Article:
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About six months ago I wrote your Canadian Military Ombudsman (only good Ombudsman in U.S. I suspect is the office of the Hawaiian ombudsman).Traditionally the office of the ombudsman should be a creature of the legislative general assembly and not of the executive; not a cute name for an executive inspector general. But in the U.S., executive "ombudsmen" degenerated into, rather never were above executive PR (public relations) people at worst and/or another name for executive inspector general at best. The original, traditional concept ombudsman is not really understood. Two men in North Carolina I discussed ombudsman with who did understand it and said they supported it, was the late Governor Terry Sanford, RIP, and Mr. Morgan, our state attorney-general. A State of North Carolina, Office of the Ombudsman, as I perceived it, would be a constitutionally provided creature of the legislative branch as a (very limited and restricted) check on the executive branch. Not a check on the governor or his personal staff though. It's budget so limited it only looks into great harms done one or a few, or lessor harms done to a great many citizens.  It has no power to order any remedy though, only the power to executive branch (other than the governor's office per se) look at any written (e-mail too) document, photograph, etc., of the executive branch only (not private citizens or judicial or legislative branch). The only one with the actual power is the Ombudsman's person, in person; however if the executive is willing, the ombudsman can delegate one of his tiny staff to investigate. However the executive branch can limit it's records to the ombudsman in person, as such, only. Could the parliamentary ombudsman (personally his/her self) inspect the executive's inspector general records?  Unless the inspector general is on the personal staff of the governor; I would think so, but not as the inspector's superior (as in chain-of-command which the ombudsman is not in).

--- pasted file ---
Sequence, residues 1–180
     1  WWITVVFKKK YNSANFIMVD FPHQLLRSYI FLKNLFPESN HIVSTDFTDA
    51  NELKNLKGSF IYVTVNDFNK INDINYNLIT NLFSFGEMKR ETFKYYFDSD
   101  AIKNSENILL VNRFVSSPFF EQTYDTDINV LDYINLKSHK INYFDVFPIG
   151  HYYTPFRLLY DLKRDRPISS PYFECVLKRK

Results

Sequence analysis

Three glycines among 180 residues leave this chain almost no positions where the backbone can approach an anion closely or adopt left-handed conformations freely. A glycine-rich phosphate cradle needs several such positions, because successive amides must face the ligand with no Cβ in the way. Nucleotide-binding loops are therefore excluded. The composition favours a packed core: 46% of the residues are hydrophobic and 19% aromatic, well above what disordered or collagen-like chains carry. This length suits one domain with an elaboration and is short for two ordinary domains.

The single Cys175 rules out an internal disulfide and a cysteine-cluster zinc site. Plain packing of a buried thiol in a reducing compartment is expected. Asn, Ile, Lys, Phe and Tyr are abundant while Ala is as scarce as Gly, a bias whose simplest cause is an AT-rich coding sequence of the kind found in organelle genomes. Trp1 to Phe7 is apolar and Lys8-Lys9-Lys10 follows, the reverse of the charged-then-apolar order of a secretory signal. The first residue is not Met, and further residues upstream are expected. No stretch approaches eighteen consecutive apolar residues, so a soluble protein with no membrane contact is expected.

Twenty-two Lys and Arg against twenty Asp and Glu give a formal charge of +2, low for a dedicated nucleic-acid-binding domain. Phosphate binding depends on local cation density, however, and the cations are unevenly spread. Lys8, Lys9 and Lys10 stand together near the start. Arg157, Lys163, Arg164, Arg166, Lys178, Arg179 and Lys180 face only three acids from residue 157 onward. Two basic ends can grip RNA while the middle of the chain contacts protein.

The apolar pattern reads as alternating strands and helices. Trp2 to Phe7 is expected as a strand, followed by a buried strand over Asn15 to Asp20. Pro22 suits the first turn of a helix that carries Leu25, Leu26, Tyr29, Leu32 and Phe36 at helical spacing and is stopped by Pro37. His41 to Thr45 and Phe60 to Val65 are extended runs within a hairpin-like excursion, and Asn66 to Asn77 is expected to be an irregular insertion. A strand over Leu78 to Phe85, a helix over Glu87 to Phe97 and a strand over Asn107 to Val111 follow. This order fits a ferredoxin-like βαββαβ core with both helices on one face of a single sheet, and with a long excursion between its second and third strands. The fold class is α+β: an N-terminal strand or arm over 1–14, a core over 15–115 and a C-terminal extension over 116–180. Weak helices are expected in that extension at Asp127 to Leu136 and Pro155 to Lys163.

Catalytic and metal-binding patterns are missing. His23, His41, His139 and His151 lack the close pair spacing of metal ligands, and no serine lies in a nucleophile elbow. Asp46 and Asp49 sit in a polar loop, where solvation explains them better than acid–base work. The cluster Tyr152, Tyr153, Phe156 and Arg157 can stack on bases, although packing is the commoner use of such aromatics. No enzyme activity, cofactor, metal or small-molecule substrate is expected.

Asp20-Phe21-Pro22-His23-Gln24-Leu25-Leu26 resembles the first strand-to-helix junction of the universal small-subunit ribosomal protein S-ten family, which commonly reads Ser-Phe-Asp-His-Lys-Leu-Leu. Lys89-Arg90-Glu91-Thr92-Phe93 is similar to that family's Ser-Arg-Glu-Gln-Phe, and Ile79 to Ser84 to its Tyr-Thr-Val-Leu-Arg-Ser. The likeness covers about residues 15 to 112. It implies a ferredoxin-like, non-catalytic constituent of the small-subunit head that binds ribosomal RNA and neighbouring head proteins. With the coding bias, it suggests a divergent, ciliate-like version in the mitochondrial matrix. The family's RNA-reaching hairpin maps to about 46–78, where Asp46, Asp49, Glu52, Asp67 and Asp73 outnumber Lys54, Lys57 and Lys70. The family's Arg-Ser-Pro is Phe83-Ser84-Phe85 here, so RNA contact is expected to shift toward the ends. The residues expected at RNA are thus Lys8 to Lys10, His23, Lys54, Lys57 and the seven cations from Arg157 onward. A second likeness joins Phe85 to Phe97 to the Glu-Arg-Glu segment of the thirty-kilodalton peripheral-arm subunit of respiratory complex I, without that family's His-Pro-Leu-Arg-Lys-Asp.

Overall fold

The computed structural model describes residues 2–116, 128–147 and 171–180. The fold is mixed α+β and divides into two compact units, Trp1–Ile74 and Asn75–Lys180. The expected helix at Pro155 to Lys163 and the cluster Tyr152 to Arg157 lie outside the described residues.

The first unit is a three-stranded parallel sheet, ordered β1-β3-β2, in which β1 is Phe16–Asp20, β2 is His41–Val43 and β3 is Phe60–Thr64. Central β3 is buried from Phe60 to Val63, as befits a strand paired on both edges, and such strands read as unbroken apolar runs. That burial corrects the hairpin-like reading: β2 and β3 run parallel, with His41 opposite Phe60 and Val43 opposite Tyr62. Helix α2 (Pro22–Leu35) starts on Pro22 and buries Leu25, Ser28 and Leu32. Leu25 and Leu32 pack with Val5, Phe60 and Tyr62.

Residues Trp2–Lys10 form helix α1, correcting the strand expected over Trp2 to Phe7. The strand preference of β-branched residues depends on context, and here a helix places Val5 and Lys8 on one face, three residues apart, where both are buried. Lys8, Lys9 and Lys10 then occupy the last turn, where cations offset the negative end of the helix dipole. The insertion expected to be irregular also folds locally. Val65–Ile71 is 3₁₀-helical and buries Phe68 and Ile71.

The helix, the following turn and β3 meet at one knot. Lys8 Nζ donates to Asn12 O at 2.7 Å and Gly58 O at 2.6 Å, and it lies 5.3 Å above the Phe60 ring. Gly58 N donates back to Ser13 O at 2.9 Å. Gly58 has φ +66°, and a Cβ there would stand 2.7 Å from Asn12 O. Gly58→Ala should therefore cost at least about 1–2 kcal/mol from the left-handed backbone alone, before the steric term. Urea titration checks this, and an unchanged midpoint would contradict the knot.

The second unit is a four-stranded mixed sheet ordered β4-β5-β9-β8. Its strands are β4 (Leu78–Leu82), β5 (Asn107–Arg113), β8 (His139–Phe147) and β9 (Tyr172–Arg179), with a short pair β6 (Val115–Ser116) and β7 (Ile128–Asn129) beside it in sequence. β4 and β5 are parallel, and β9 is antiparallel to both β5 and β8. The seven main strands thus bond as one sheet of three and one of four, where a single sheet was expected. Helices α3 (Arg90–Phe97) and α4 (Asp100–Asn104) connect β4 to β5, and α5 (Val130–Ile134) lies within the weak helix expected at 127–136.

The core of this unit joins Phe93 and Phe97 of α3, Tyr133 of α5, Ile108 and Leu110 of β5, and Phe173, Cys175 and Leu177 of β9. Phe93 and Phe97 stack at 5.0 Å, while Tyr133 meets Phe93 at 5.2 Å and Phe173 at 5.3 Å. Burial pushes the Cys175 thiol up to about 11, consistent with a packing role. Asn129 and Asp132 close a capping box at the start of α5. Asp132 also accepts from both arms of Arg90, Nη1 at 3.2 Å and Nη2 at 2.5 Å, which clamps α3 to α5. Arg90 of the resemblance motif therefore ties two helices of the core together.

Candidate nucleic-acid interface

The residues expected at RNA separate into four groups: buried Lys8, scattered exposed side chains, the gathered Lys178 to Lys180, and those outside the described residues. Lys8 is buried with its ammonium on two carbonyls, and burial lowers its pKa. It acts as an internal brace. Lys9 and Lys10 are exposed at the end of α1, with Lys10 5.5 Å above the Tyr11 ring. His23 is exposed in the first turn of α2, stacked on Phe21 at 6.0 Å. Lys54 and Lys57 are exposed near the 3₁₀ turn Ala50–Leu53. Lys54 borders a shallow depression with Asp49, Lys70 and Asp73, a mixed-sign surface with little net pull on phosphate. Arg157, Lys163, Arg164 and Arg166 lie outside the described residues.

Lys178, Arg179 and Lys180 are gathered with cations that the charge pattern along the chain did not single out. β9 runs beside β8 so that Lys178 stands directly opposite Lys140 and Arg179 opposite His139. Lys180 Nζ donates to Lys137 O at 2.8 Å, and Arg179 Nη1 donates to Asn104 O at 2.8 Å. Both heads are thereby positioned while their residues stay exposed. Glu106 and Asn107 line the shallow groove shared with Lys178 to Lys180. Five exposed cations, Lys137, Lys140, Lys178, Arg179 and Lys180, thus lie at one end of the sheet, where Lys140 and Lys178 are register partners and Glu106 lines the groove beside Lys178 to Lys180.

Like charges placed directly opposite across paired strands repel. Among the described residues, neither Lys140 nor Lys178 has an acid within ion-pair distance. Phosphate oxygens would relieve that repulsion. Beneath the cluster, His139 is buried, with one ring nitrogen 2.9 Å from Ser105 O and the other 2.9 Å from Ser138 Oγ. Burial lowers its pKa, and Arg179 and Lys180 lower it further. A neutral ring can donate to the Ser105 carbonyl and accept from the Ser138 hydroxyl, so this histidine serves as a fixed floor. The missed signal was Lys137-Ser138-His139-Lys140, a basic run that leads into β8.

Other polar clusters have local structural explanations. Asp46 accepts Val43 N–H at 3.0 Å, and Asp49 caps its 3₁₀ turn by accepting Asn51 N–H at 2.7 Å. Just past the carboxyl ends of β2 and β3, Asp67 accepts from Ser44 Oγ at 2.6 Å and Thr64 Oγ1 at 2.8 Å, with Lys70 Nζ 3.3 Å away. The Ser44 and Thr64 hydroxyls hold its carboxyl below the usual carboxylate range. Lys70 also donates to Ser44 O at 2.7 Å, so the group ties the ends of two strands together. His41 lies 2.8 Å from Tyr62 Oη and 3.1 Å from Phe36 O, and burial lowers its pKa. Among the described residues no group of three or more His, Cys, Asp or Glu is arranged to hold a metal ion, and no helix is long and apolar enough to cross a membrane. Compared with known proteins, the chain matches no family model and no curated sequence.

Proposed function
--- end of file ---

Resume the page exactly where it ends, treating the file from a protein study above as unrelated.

Anyway, I wrote the Canadian Military Ombudsman asking if Capt. de Tontey and Maj. de Liette, as Canadian veterans fallen in combat on foreign fields, qualify for Canadian veteran tombstones/memorial stones? No answer yet; but that may be my fault. I'd forgotten I'd made the query. From my American civil service experience, reality matters less than the often consuming passion, "Does it Look Good on Paper?", or did you do a good "dilgop" paper-over on it?

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